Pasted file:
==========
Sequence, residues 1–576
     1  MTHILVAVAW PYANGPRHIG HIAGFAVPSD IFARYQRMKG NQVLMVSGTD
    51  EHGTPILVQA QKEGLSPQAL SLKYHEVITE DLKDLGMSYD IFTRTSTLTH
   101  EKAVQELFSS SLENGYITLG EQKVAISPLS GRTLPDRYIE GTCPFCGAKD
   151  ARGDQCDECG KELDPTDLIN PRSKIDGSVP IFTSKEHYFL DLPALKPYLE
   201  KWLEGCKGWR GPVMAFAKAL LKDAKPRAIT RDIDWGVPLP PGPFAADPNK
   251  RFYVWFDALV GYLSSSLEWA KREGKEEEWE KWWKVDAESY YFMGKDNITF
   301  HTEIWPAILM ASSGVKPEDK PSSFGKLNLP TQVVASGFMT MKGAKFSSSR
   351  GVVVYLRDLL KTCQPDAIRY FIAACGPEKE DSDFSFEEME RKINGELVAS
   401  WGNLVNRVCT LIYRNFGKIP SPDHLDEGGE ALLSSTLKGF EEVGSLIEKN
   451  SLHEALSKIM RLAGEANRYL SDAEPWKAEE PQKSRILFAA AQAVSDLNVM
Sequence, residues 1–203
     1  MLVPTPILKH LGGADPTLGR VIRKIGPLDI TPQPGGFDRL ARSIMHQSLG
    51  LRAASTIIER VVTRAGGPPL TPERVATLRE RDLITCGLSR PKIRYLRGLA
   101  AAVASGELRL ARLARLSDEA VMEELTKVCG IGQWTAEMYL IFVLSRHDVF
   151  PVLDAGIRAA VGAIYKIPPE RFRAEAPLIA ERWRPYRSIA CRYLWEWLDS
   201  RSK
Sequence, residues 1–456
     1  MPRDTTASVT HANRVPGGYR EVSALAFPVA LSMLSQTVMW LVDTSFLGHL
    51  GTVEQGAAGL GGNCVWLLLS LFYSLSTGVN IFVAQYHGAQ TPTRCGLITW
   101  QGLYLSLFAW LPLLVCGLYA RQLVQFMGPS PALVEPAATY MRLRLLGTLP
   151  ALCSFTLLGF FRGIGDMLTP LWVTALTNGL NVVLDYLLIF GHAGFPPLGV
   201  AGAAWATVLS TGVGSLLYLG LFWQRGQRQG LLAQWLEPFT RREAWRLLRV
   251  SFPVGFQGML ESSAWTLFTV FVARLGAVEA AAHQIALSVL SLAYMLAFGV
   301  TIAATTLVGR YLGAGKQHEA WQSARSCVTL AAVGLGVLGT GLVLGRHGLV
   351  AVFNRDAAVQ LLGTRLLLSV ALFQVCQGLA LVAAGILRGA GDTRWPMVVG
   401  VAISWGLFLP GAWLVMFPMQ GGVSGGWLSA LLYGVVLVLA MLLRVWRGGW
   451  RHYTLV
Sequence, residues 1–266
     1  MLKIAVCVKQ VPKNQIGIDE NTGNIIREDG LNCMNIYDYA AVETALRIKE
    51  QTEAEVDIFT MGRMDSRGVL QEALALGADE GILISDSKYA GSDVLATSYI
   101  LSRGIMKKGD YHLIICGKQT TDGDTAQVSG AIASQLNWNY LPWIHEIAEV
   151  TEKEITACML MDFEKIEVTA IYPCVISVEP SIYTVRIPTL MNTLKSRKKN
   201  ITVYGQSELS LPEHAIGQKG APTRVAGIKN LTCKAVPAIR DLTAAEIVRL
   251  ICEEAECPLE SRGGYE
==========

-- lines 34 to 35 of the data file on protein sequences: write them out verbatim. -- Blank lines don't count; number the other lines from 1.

   201  ITVYGQSELS LPEHAIGQKG APTRVAGIKN LTCKAVPAIR DLTAAEIVRL
   251  ICEEAECPLE SRGGYE